The clinical features of infants with congenital ichthyosis are generally similar to our case, which is typical. No visceral malformation is reported, the disorder consisting exclusively of an error of epidermal keratinization. Respiratory movements are restricted; secondary infection and septicemia are frequent complications. Death usually occurs in the first few weeks of life.
Prenatal diagnosis is now possible, using sonography, which shows ectropion, eclabium, nasal or aural abnormalities, and hypoplasia of the extremities. However, a precise diagnosis needs fetal skin biopsy made between 20 and 22 weeks of gestation (17). If the number and size of the biopsy specimens are small, it may be possible to misdiagnose an affected fetus as normal (17). Prenatal diagnosis is vital in genetically inherited lethal diseases. Acocrding to the prenatal diagnosis, the patients should thoroughly be evaluated and the families be informed about the disease (18).
At light microscopic examination, a thick compact stratum corneum with parakeratosis, hypogranulosis and hyperkeratosis of the hair canals is seen (19). On ultrastructural examination, the granular layer keratinocytes present abnormalities of lamellar granules. Between the cornified cell and the granular cell layers, extracellular lamellar structures are lacking (17). In our case histopathologic evaluation revealed moderate degree of hyperkeratosis and complete absence of granular cell layer in the epidermis with keratotic follicular plugs.
Control biopsy performed after a acitretin (1 mg/kg/day/ 6 month) therapy showed that the prior findings had completely ceased.
Some rare long-term survivals of congenital ichthyosis are reported. This survival is often attributed to early treatment with retinoids. The clinical presentation then evolves with age into a viable form of generalized ichthyosis (20). However, the persisting dermatosis remains severe and the quality of life of affected children is poor.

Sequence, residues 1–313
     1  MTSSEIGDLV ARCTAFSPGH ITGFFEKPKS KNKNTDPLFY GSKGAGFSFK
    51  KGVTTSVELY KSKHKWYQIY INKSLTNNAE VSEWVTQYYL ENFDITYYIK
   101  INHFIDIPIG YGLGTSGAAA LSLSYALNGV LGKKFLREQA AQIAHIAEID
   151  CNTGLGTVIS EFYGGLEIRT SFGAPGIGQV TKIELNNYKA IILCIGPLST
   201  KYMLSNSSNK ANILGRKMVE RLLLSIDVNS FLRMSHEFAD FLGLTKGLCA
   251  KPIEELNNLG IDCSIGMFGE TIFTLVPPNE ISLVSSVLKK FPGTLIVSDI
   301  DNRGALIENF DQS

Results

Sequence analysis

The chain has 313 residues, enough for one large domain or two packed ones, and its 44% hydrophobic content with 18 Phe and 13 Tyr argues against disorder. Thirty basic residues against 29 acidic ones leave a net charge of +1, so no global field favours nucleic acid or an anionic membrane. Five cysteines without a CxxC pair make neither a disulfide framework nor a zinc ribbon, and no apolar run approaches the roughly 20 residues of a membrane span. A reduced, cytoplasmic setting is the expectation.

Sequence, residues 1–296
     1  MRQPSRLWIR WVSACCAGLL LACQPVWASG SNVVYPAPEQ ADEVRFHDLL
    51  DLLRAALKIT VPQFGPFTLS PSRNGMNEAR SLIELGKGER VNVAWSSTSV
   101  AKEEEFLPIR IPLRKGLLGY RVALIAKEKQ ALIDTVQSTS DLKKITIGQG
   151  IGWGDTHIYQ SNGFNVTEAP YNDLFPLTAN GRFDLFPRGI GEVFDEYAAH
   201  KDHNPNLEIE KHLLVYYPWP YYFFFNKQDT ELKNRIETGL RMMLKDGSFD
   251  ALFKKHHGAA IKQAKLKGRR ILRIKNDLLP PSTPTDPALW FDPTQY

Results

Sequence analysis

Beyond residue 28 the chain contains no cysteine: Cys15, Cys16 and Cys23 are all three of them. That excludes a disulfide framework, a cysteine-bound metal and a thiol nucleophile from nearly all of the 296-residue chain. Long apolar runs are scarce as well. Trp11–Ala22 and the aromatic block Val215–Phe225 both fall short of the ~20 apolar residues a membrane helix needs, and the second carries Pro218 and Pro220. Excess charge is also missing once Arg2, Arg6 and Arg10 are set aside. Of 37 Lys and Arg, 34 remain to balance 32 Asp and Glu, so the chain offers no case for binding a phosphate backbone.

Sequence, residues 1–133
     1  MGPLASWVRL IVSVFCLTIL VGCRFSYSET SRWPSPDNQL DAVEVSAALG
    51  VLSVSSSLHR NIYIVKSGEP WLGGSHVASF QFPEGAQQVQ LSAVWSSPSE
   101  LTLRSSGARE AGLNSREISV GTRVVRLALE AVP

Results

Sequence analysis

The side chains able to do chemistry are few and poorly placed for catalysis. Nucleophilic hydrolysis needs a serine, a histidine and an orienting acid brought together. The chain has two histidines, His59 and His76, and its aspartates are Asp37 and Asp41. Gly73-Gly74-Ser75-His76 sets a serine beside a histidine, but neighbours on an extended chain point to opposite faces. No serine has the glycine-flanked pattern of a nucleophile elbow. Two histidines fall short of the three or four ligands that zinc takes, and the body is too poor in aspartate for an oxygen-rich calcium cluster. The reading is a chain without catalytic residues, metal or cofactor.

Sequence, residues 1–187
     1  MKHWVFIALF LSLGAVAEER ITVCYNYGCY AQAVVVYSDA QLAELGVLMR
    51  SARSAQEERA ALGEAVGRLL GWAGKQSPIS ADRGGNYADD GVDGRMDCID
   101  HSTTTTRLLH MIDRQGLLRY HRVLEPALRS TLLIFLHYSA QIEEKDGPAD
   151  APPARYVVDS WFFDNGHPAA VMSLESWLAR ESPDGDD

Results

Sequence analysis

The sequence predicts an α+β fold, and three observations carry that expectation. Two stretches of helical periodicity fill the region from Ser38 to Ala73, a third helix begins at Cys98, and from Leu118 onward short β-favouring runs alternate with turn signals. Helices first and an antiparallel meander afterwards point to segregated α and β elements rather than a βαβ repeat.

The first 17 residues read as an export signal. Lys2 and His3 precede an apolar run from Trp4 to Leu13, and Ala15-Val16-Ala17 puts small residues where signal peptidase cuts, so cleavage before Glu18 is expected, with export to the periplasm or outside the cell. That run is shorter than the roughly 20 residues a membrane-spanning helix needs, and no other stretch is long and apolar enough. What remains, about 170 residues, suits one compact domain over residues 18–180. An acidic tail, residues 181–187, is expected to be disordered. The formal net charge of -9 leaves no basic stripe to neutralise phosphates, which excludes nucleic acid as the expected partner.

El-Ramly et al (21). presented eight cases of ichthyosis treated with retinoids. They reported that aromatic retinoid treatment resulted in a satisfactory improvement of skin condition. Tamayo et al (22). also recommended oral retinoid treatment after their experience in eight children with lameller ichthyosis.
Gicquel et al (23) reported bilateral ectropion treatment in an infant with severe lamellar ichthyosis by N-acetylcysteine applied directly to the skin with association of oral acitretin. Topical N-acetylcysteine has been proved to have an antiproliferative effect on keratinocytes in vitro and in vivo. It may be useful in the treatment of major forms of ectropion in children with lamellar ichthyosis. Its association with conventional acitretin treatment may prevent unnecessary surgery. In accordance with the prior studies in literature, our patient showed dramatic improvement in skin lesions and ectropion with oral acitretin treatment.
Verfaille et al. (24) investigated the efficacy, tolerability and safety of oral liarozole, a retinoic acid metabolism blocking agent, with acitretin in patients with ichthyosis. Between-group comparisons for efficacy and tolerability revealed no statistically significant differences except for scaling on the trunk at baseline which was significantly worse in the liarozole group and showed a more pronounced improvement in this group than in the acitretin-treated patients. The expected retinoic acid-related adverse events were mostly mild to moderate and tended to occur less frequently in the liarozole group. The results of this trial warrant further clinical trials to confirm efficacy and safety of liarozole as an orphan drug in ichthyosis. Saracoglu et al. (25) treated two newborn infants with ichthyosis with acitretin (1 mg/kg/day). Clinical improvement was achieved shortly after treatment. They concluded that early management of severe ichthyosis cases could prevent life-threatening events.
Furthemore, long-term retinoid therapy is responsible for toxicity. Long-term therapy with oral retinoids provokes anxiety and shows adverse effects on bone mineralization. The most commonly reported effect is the production of osteophytes and calcification of ligaments (25). Paige et al (26). observed no evidence of skeletal toxicity in 42 children treated over an 11-year period. No complication due to oral acitretin treatment was observed in our patient.
In conclusion, early management of severe ichthyosis cases can prevent life-threatening events. In severe congenital ichthyosis cases, mortality due to the complications, is high in the neonatal period. Therefore, acitretin treatment seems to be the most efficient treatment in severe congenital ichthyosis with no major side effects and easy oral application.
Alpay Cakmak, MD Harran University School of Medicine Department of Pediatrics TR-63100, Sanliurfa, TURKEY. Tel: +90 414 3141170 Mobile Phone : +90 5326235956 e-mail: email@example.com Fax: +90 414 3151181